Food preservation – the solution for over abundance and minimising food waste

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I always considered preserving food to mean a physical way of drying, bottling, fermenting or freezing in such a way it extended the life of the produce. There are other non traditional (and even more traditional) ways of preserving than just these. Both long term and short term storage methods.

Perhaps one of the oldest preserving methods was packing root vegetables in sand – carrots, parsnips, swedes, etc. have all been stored successfully this way. Other methods include storing between layers of straw or chaff.

In the following Interview with Bridget White we discuss the technology required for fermenting common home grown fruits and vegetables and the overall health benefits.

[Eric] When considering fermentation for preserving garden produce what technology (preparation, bottle type, work space conditions etc) are required for an effective ferment?

[Bridget] An oxygen free environment is best in which you submerge produce under a salt brine with a one way seal or value such as a swing top jar or lid with a airlock.

[Eric] What foods are best fermented (root vegetables, leafy vegetables, fruit etc.) – does the process for fermenting differ for different parts of the plant – root, leaf etc.

[Bridget] All will ferment, I wouldn’t say some are best thou some may taste better to different people. The only difference is fermentation time and whether a wild or cultured process is best and this depends on produce quality.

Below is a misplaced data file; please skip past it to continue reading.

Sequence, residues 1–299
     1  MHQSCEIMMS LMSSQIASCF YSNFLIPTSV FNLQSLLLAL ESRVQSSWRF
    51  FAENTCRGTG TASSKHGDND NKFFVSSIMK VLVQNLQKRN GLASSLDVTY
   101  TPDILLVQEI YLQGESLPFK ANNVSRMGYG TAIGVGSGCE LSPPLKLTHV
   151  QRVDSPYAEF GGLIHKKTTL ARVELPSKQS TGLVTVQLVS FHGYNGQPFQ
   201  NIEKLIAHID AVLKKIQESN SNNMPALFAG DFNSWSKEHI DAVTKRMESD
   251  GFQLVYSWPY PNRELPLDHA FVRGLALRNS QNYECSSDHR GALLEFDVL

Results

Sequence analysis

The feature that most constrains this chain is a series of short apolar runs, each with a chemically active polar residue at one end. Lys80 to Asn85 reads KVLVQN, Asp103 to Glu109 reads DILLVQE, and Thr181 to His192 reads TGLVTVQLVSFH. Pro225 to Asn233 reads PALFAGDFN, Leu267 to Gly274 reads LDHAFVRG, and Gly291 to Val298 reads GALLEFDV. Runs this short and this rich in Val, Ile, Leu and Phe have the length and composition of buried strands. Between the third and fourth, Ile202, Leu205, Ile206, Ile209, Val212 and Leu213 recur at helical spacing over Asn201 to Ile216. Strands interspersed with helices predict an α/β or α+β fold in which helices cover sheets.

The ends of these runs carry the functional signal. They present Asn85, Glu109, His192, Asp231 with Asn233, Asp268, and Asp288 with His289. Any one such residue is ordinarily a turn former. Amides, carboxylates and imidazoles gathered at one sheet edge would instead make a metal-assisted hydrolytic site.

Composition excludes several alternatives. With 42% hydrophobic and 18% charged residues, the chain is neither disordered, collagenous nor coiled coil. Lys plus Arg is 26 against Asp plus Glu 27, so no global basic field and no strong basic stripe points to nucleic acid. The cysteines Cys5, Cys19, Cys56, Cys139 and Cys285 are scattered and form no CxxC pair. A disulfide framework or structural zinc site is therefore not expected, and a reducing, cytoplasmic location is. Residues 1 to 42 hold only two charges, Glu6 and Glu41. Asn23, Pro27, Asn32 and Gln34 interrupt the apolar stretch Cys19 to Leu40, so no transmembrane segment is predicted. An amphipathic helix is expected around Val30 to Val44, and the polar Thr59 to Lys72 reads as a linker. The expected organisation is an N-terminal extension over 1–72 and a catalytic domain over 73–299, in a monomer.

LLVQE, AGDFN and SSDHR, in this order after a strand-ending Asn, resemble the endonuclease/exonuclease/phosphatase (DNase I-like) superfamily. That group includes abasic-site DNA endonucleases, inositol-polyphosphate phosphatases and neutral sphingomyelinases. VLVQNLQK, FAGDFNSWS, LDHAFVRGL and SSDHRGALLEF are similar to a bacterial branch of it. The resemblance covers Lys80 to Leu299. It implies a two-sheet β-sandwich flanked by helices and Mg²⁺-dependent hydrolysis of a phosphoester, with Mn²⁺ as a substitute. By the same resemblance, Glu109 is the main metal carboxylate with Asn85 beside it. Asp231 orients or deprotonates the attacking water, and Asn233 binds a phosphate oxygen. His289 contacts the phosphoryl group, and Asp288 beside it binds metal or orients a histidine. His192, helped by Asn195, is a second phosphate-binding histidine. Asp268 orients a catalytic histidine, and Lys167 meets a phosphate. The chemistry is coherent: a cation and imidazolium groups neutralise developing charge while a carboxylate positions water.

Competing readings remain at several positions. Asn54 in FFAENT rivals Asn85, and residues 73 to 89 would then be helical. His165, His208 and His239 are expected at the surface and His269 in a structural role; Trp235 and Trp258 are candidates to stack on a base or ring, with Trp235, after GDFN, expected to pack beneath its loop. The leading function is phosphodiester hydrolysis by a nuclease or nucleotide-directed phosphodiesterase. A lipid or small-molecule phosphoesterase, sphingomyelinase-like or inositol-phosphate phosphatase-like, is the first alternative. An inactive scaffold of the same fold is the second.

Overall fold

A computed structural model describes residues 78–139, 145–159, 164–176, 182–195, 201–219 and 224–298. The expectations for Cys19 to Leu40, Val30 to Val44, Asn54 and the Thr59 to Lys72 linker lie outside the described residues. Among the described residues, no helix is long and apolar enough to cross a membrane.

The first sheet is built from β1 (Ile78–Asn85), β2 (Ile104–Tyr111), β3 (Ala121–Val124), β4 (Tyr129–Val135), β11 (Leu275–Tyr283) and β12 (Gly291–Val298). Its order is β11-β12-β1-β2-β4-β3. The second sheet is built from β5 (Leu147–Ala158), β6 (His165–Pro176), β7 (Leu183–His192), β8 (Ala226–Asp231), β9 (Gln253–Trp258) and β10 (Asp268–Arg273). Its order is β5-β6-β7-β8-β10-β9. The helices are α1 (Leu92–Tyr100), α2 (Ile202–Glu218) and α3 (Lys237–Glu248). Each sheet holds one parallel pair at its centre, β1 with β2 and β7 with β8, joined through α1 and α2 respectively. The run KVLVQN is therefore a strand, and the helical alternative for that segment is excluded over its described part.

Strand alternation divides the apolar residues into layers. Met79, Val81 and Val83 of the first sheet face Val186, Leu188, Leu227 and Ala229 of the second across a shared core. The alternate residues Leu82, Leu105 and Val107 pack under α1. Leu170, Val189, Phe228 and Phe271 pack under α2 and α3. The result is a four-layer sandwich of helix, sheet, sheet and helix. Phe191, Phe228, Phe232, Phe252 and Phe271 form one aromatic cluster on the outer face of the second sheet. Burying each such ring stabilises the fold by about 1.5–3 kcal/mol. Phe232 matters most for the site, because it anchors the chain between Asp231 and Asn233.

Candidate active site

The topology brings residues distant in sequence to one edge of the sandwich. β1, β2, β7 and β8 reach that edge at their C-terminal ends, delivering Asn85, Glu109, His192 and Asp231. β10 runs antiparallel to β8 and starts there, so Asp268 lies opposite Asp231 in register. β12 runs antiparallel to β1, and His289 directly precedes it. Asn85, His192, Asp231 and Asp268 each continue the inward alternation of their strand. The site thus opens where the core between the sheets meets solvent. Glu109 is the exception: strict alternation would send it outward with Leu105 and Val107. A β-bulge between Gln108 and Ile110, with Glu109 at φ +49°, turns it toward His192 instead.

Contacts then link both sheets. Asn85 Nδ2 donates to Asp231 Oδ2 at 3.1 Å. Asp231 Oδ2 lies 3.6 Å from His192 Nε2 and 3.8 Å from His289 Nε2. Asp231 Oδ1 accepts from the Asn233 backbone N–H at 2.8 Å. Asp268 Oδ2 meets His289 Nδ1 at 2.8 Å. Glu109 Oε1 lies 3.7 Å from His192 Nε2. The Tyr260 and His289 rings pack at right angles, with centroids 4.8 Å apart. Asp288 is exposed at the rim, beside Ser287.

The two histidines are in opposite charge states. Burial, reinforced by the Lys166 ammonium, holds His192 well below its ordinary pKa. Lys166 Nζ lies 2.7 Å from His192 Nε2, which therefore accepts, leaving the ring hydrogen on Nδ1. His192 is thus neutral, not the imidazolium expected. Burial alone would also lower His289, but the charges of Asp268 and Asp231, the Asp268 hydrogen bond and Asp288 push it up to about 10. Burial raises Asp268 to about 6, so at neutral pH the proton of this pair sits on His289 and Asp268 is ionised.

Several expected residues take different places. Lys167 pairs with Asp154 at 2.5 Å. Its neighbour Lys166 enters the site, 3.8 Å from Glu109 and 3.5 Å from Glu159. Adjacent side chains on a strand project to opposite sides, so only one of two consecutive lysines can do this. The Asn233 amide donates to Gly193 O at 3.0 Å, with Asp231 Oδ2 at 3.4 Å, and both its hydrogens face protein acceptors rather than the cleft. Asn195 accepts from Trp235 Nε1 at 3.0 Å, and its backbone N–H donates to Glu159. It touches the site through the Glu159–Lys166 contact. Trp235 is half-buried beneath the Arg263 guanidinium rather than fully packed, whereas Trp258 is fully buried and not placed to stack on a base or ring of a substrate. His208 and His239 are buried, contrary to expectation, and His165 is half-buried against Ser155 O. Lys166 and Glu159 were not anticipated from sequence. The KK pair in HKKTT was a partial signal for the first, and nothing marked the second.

[Eric] Are there any foods that are usually not suited to fermenting?

[Bridget] Not really, thou some like banana don’t turn out well, but technically can be fermented.

[Eric] If all goes to plan how long will a ferment last – give an example if you can (carrot, cabbage etc) ?

[Bridget] At least 1 month but often more. This applies to all fermented produce for example.

[Eric] Would you consider fermentation an effective and appropriate technology for food preservation compared with other preserving techniques (freezing, etc.)?

[Bridget] Well that depends on many things. Yes i would but the process will change the food so if thats not desired then no i wouldn’t.

[Eric] What are the benefits compared to other preservation options?

[Bridget] A source of probiotics, healthy bacteria and yeasts, nutrition enhancement of foods, predigestion of foods, Gut health and healing, Immune restoration, detox, skin condition improvement and potential healing, brain, memory, mental illness conditions improvement and healing, weight correction, more energy, delicious flavours unfound elsewhere and lastly food preservation.

(an interview with Bridget White, BA, Holistic Health Coach – www.facebook.com/Wild4Wellness )

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